Updated: Feb 10
✦ We may be living in uncertain times but the controversy surrounding the upcoming Winter Olympic Games in Beijing is crystal clear and unabating.
The Games, which run from Friday, Feb 4 through Feb 20, with the Paralympics scheduled for March 4-13, should have been an occasion of excitement and pride for the host nation. Instead they have been soured by a catalogue of negative events that have very much been brought on by, ironically, China itself.
When China won the bid and then hosted the 2008 Summer Olympic Games it was heralded as a new dawn where the emerging super power would excel and show its sporting prowess on the global stage. Having then won the rights to host in 2022, Beijing would make history by being the first city to host both a summer and winter Olympic Games. However, the 2022 Winter Olympic Games sees a country now under the rule of Xi Jinping and the landscape and sentiment is light years away from the positivity leading up to the 2008 Games.
It didn’t have to be this way
The build up to this year’s Winter Games has been fraught with complications, least of all in relation to COVID-19 and the associated health risks which threaten to seriously undermine China’s projected image of the occasion. Chinese authorities have adopted a “zero-COVID” policy which has seen millions of residents in major cities forced into lockdown, the longest of which saw 13 million people in Xi’an confined to their homes for over a month. Similarly, the city of Yuzhou saw its 1.1 million population forced into total lockdown after just three asymptomatic COVID cases were discovered on Jan 4. China is desperate to eradicate any COVID-related threat that may cloud its sports spectacular although actually achieving this seems remote, if not impossible. In efforts to thwart the spread of infection, an impenetrable giant bubble stretching nearly 200 kilometres has been established in the capital that will cocoon over 60,000 athletes, dignitaries, media, support staff and volunteers, and which is active until the Paralympics finishes. Unlike last summer’s pandemic-delayed Tokyo Games, where media were permitted to leave the bubble after two weeks and head out into public, nobody will be able to leave the “closed loop” during the Beijing Games.
Everyone inside the bubble must be fully vaccinated or else undergo 21 days of quarantine before entering. Daily virus tests will be conducted and everybody must wear a high-spec mask at all times.
If it sounds a little extreme then it is merely in line with the Communist Party’s tone and focus on zero-COVID cases. There’s no doubt it isn’t a good image but let’s not forget where the coronavirus first emerged and how negligent Chinese authorities were in reporting and handling the outbreak, particularly in allowing citizens to travel overseas when it was clear a serious threat was at hand. COVID has changed the way we live our lives, and not for the better. It has decimated the world’s economy, destroyed communities and, at time of press, tragically left over 367 million people infected and contributed to almost 6 million deaths. There is no doubt it could have been handled better, should have been handled better, a fact that doesn’t escape the memory in a flash. It has generated widespread anger and resentment and, whereas hindsight is a wonderful thing, in all honesty, it didn’t have to be this way.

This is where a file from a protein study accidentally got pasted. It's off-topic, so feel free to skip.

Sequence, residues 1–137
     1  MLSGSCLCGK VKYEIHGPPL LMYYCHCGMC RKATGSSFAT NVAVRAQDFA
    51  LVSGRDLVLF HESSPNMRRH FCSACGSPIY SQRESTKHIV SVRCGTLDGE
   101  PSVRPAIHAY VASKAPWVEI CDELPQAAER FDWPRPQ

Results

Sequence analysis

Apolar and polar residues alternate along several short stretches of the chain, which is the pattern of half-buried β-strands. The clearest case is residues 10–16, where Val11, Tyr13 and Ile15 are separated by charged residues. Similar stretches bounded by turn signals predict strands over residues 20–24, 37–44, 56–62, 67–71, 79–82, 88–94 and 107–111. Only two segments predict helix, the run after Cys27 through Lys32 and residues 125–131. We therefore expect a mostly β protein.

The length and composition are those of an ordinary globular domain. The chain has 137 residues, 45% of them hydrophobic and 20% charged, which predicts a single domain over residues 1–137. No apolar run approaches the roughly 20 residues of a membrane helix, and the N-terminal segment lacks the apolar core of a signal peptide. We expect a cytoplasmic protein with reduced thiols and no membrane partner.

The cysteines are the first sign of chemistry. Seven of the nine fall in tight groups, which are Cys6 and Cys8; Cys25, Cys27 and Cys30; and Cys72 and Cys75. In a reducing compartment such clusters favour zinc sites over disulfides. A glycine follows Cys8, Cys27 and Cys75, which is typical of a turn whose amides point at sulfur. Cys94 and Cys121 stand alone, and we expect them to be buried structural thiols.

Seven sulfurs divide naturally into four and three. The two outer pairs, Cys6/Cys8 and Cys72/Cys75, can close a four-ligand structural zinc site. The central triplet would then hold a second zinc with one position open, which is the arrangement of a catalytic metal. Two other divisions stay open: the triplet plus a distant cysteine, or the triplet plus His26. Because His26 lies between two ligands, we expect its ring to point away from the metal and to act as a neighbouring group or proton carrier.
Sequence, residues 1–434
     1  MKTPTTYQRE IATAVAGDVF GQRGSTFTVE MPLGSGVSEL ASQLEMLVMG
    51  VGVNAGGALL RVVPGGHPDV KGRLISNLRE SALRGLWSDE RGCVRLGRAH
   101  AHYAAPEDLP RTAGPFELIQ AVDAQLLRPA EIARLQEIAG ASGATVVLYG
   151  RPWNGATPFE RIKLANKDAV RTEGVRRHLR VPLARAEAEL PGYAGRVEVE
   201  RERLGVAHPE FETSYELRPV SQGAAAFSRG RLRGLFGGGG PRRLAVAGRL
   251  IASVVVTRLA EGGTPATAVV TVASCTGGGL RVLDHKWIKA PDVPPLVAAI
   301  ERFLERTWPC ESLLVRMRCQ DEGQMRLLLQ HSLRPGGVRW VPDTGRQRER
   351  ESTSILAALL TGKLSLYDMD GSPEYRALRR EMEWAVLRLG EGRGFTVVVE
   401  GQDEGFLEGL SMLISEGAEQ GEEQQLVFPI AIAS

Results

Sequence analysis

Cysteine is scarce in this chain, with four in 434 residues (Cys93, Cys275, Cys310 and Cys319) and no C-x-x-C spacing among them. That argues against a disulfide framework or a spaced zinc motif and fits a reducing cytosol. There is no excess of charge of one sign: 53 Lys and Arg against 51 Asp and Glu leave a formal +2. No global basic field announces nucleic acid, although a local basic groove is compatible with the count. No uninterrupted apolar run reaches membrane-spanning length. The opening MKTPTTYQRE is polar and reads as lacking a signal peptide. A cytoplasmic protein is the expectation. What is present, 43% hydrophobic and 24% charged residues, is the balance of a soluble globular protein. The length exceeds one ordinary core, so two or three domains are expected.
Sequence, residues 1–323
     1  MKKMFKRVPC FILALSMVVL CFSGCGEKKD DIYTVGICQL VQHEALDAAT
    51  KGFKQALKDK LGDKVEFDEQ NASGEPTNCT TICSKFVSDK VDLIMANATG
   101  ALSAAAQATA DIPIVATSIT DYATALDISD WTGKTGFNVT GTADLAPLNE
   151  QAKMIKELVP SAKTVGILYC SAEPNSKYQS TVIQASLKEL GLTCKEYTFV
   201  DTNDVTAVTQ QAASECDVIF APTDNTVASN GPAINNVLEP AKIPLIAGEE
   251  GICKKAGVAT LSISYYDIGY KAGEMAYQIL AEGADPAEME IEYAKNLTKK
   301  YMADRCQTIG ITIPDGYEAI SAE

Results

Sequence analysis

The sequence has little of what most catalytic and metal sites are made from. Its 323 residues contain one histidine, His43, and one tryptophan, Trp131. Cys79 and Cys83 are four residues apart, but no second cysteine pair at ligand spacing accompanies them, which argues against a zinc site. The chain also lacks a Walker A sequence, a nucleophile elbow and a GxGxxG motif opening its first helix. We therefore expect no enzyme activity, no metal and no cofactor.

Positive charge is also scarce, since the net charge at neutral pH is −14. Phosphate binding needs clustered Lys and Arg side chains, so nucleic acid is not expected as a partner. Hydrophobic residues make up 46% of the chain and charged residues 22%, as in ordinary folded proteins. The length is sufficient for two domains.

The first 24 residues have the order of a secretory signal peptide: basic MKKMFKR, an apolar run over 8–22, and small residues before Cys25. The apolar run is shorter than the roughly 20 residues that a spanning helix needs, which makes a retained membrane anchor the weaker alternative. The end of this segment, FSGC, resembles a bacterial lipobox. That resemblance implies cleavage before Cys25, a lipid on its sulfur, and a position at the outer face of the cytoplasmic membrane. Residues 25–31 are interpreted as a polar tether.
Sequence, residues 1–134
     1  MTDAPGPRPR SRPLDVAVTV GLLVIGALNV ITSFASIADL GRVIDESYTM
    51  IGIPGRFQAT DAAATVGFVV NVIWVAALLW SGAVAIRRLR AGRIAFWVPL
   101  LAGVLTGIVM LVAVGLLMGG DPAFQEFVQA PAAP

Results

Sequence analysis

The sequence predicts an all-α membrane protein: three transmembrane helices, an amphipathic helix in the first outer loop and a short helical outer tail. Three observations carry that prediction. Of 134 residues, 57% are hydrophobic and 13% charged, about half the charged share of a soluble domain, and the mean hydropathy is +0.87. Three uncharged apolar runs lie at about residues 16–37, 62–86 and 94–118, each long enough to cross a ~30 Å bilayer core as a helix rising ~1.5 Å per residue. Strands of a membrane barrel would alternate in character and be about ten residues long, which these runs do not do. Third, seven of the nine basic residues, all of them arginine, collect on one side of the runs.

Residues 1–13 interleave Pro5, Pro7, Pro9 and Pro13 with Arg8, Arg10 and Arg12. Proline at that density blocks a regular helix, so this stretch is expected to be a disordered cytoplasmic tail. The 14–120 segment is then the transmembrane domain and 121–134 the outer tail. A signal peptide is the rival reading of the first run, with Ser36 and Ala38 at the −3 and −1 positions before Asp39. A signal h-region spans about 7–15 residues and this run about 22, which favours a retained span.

We’re being watched...
Additional concerns have been raised as to whether the tens of thousands of overseas participants will be safe from China’s vast array of surveillance tools with the University of Toronto’s Citizen Lab stating on Jan 18 a virus-monitoring app all attendees must use was found to have a “simple but devastating” encryption flaw that could allow personal data including health information and voice messages to leak.
Several western nations and cybersecurity groups have advised foreign athletes participating at the Games to leave personal phones and laptops at home, advising the use of temporary burner phones while in China. Already several academics and human rights’ activists have seen their WeChat messaging accounts restricted or totally disbanded, such is China’s fear that the party may be sullied.
Political relations between China and several countries have become increasingly fractious with the issue of COVID-19 arguably at the front of the queue. However, other contentious issues include human rights abuses, specifically pertaining to the Uyghur Muslim community in Xinjiang where, only last month, the Biden administration claimed China was committing "ongoing genoicide and crimes against humanity", a charge many critics agree with. The situations in Hong Kong, Tibet and Taiwan have also stoked great controversy, with the latter continually edging towards a very precarious state. There have also been ongoing agitated territorial disputes in the South China Sea that has seen China’s much vilified, aggressive approach completely ignore legislation outlined in the United Nations Convention on the Law of the Sea, to which China itself is a signatory. In the sporting domain, the recent case of Chinese tennis champion Peng Shuai has also left an unsavoury taste in the mouths of many with the country’s stance on sexual assault and freedom of speech questioned if not severely compromised.
Spectators wearing "Where is Peng Shuai?" T-shirts, referring to the former doubles world number one from China, are pictured in the stands during the women's singles final match between Australia's Ashleigh Barty and Danielle Collins of the US on day thirteen of the Australian Open tennis tournament in Melbourne on January 29, 2022.
(Photo by WILLIAM WEST/AFP via Getty Images)